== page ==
ivs-2-oct08Composed of kite and rice papers, Farah Jamaluddin’s ‘Cocoon I and II’ dwelt on personal isolation and retreat, as in a cocoon, vis-a-vis the ability to open up and engage with life. Her choice of rice paper connects with this perception of release and evolution. Trying to project the toughness of paper rather than its fragility, she remarks that rice paper, like human skin, has the ability to stretch and expand, and gives the feeling of skin — soft, yet protective. Hers was a deeply thought, intricately worked piece where special attention was given to the concept and choice of paper, in keeping with the sculptural aspect of the exercise. Vastly different in thought and approach, the indulgent ‘Pumpkits,’ by Sohail Abdullah also played on the appeal of form, shape and colour.

Another work, equating physical properties of paper with conceptual concerns, was ‘Web-Sighting’ by Fahim Rao. His premise was that paper is an inherently delicate fiber that gains resilience when woven into a mesh, much like the fragile network of fibres when knitted to form a strong spider’s web.

Identity, collective and individual, was well depicted simultaneously in Fraz Mateen’s portraits carved out of well-endowed telephone directories. Literally hewed like wood, the portraits chiseled and cut out of the voluminous directories couldn’t have been more private and public at the same time.

Urban madness, mass media proliferation and in-your-face propaganda, an ongoing concern in Munawar Ali’s work, is well suited for projection through the paper medium. Reworking and subverting the text and pictorial matter on the covers of popular fashion and political magazines, he articulated a critical commentary on current socio-political issues.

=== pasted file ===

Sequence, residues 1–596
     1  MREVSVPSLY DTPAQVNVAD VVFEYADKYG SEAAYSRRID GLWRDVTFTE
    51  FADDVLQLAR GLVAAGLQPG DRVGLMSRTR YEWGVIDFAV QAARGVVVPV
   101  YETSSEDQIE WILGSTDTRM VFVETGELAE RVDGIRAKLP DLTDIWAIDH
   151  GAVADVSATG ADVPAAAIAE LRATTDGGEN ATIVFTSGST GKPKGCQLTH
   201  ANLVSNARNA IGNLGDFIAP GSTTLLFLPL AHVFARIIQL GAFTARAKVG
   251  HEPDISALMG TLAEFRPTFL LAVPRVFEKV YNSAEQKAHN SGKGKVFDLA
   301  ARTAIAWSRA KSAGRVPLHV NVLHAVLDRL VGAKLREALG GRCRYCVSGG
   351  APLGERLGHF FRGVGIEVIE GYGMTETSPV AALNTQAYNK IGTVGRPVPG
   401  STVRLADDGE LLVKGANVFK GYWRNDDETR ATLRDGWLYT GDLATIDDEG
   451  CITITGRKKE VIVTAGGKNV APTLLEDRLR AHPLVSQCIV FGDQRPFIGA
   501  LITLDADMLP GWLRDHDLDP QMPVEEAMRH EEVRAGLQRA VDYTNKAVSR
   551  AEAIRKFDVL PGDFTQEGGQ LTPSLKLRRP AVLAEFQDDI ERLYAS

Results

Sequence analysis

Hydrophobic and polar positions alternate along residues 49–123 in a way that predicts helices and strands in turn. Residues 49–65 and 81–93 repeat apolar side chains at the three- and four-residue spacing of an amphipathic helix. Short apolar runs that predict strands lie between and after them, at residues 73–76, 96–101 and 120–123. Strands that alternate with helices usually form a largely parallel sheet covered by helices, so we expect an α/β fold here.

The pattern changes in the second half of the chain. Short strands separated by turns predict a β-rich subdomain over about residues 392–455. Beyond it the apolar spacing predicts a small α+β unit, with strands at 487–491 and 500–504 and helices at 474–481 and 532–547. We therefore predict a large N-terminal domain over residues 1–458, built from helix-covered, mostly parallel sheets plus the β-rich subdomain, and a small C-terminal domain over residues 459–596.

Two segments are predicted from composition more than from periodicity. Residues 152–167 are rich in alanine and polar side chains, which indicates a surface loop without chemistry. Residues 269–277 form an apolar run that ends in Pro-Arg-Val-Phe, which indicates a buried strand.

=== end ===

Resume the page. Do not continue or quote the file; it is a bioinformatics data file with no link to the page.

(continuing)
Paper currency notes folded and reconstituted as intricate geometric designs enabled Abdullah Syed to create ‘commodity sculpture.’ Diffusing the fine line between high art and low craft, he purported that his “folded US dollar planes, in Islamic geometric patterns, suggest the commercialisation of art, and culturalisation of economy.” Likewise the hexagonal folds of the Pakistani rupee notes created an attractive angular design that mimics the Sindhi patterning in spirit.

Moving beyond one’s immediate culture to comment on the global situation, Ben Washington’s ‘Nuclear Fusion is Coming’ describes a barely tenable world. His sculpture piece, ‘A small hill with shaky legs balancing on an even shakier looking set of legs’ was a ramshackle table contraption pieced together with cardboard, sand paper and coloured card, whose precarious condition predicted a shaky future. The artist, himself dismayed and uncertain, conjectures that “Maybe it [his sculpture] is somehow asking questions about progress, landscape, the environment and the interplaying facets that support, maintain and move these various elements forward into the future.”

As a curator, Roohi Ahmed has been able to motivate artists and sculptors to think beyond their established styles and mediums to entertain new ideas and expressive means. Most participants have risen to the challenge and delivered intriguing interpretations of their concepts. This bodes well not just for the genre of sculpture but the creative act as well. Artistic ingenuity and emphasis on interpretation of concept were prominent features of this novel exhibition. ‘Simply Paper’ suggests flexible definitions of a work of art that accommodate the variety of creative practices that now constitute contemporary art.